The Juice section has a range too, from the sweeter more introductory green juices to the full-on no fruit at all juices later in the chapter. I kept it pretty save and sweet in the ones I tried -
Page 119 Red Queen
Make sure you mix up the juice before you drink it! Cabbage juice by itself is not great - but when mixed it added a back note to this one which worked. I loved this juice.

Page 121 Beetle Juice
Sweet and earthy this one was nice too.

Page 135 Ginger Snap
Possibly my very favourite. While bright green this does taste just like gingerbread - sweet from the grapes, sharp from the ginger with a hint of the fennel it works very well.

Recommended? Yes, more so if you have a high powered blender and a good juicer to get the most from the recipes. More suited to someone who knows they like green smoothies and juices and wants to make them at home. The true novice may be a little hesitant about some of the combinations, really when they shouldn't be - you can always just add a little more fruit or a date or two if you need to. Will revisit some of the other recipes for sure.

Friday, 8 March 2013

Recipe of the week - Masala Jackfruit and Plantain Curry

Jackfruit and Plantain Cashew Curry


Masala Jackfruit and Plantain Cashew Curry
Serves 4 to 6

Jackfruit is used throughout Asia and the Caribbean as a “meaty” ingredient in stews and curries. This one is very inauthentic, and isn’t even based on a traditional recipe, just completely made up. Masala means “mixture” in Hindi and refers to the spices used, and it could mean that this is a mix of influences. This mixture doesn’t stop the curry from being delicious! There are sweet bursts from the plantains, sour from the brined jackfruit, salty from the cashews, all together in the creamy, spiced (but not overly spicy) sauce. The cashews also provide a nice texture variation.
I like this with a bread of some sort, be it a roti, naan, or even in a wrap. It’s also good over a bowl of plain brown basmati rice.

Hints
Remember to soak the nuts!
Tinned Green Jackfruit in Brine (make sure you don’t get ripe jackfruit in syrup) can often be found in Indian Spice stores, or wherever you purchase Latin food products.

Notes
You can buy ready made Garam Masala, which is a mix of spices used in Indian cooking, wherever spices are sold.
If you would prefer more heat use the Serrano Pepper, less heat, the Jalapeno.
Buy your plantain when it is green a few days in advance of making this recipe and allow to ripen in your fruit bowl alongside regular bananas. It is best for this recipe when completely yellow and just starting to have black specks.
Either buy the cashew nuts ready roasted and salted or toast them yourself.

Preparation Time – 25 Minutes

[gluten free]
[soy free]

1 cup raw Cashew Nuts, soaked overnight then drained and rinsed

1 cup Vegetable Stock

1 teaspoon Mustard Seeds
1 teaspoon Cumin Seeds

1 ½ teaspoons Garam Masala, see Notes
1 ½ teaspoons Tandoori Spice Mix

1 tablespoon Canola Oil

1 tablespoon minced fresh Ginger
3 cloves Garlic, minced
½ medium Onion, finely chopped
1 Serrano or Jalapeno Chile Pepper, see Notes
1 red Bell Pepper, finely chopped

2 cups (20-ounce tin) Green Jackfruit in Brine, drained and rinsed, cut into ¼-inch pieces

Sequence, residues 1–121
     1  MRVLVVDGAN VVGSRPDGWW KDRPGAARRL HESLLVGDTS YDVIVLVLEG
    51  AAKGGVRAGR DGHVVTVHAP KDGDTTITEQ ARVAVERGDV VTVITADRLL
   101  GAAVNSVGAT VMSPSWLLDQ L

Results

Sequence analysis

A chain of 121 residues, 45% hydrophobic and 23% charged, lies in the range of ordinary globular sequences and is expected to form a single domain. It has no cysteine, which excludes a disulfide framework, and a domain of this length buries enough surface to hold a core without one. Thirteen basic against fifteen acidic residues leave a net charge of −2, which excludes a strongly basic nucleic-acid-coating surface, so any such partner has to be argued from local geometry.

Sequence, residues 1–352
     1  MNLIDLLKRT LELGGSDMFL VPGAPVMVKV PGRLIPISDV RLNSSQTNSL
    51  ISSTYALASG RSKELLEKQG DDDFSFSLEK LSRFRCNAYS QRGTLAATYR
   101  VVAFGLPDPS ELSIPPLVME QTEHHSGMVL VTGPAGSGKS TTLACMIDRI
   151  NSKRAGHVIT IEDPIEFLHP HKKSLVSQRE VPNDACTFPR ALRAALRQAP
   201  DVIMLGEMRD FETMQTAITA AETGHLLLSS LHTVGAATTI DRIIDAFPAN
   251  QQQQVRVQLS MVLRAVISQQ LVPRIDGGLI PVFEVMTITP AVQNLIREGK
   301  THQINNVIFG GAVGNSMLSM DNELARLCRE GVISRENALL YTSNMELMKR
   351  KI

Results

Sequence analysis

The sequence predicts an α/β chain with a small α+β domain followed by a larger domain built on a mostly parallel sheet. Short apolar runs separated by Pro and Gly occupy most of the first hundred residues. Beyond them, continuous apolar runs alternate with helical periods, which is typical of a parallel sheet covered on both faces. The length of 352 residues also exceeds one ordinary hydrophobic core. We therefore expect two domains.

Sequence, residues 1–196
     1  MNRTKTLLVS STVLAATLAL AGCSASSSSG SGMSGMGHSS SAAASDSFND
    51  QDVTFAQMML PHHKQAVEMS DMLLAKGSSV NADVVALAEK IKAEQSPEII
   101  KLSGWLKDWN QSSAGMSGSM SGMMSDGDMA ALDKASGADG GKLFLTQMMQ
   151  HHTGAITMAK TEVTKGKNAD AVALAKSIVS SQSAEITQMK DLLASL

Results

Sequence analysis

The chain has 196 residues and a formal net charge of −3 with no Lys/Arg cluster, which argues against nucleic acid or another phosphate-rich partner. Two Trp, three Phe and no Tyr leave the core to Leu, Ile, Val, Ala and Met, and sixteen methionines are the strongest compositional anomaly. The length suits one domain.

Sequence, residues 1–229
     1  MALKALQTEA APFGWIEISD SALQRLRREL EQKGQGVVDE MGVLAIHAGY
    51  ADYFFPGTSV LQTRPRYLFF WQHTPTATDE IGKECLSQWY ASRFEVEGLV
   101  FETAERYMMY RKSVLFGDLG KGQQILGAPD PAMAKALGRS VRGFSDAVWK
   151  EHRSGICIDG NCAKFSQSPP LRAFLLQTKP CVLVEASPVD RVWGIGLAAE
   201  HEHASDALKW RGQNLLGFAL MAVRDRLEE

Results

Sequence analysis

1 large ripe Plantain, chopped into ¼-inch cubes, about 1 ½ to 2 cups, see Notes
½ teaspoon Salt
1 cup Vegetable Stock

3 Roma Tomatoes, seeded and finely chopped
½ cup roasted salted Cashew Nuts, see Notes

Salt, Pepper and Hot Sauce as required

Using a food processor or powerful blender pulse the soaked cashew nuts to a paste.
Add the first cup of vegetable then blend until smooth and thick. Transfer to the slow cooker.
Heat a medium skillet over medium high heat and toast the mustard and cumin seeds until aromatic, 2 minutes. Add the spice mixes and toast a minute more. Transfer to the slow cooker.
Add the oil to the hot skillet, then sauté the ginger through bell pepper until soft and aromatic, and just starting to brown, 4 to 5 minutes. Transfer to the slow cooker.
Add the jackfruit, plantain, salt, and stock, stir to combine.
Cover, set heat to low and cook for 6 hours until sauce is thick and jackfruit and plantain are tender. Add additional stock or water, if required, if the sauce is too thick for your preferences.
Stir through the tomato and cashews prior to serving.
Taste and season as required.

Monday, 4 March 2013

Book Review - Feeding the Hungry Ghost

I was a little apprehensive at first with this book. I had a preconceived notion that it was going to be all religious and a little preachy, and boy was I wrong. However, it is a hard one to categorise - yes, there are recipes but its not really a recipe book; yes, there is talk of faith but its not religion based, more holistic; yes, it has a vegan focus but doesn't really go into health/animal rights/environmental impacts other than where such things coincide with the narrative; its also a very personal (and in places very funny) story but not in an "I remember when" memoir sort of way. It just is, and it is worth a read. Counter to my first impression and biased notions I really enjoyed this book, it resonated with me in a lot of ways, spoke to the person in me which is very similar to, and on a cosmic level connected with, the author. This is a little more touchy feely than my usual reviews but its that sort of book.